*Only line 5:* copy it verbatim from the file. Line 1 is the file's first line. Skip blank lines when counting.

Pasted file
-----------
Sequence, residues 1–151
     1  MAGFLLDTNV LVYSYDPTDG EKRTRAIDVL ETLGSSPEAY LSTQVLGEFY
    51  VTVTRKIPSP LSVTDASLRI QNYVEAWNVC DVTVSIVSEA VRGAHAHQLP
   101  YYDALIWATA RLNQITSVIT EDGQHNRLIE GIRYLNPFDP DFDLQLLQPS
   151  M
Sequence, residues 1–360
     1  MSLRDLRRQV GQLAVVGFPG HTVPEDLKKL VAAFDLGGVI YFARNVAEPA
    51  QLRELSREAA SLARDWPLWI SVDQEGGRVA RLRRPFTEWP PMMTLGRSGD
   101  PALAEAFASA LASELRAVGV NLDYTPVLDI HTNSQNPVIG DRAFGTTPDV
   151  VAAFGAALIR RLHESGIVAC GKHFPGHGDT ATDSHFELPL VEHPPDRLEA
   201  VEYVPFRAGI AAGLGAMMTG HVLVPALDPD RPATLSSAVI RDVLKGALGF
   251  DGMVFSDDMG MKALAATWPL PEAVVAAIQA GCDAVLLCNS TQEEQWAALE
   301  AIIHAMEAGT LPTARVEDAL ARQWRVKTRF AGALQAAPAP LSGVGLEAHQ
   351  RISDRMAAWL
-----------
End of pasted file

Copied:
   151  M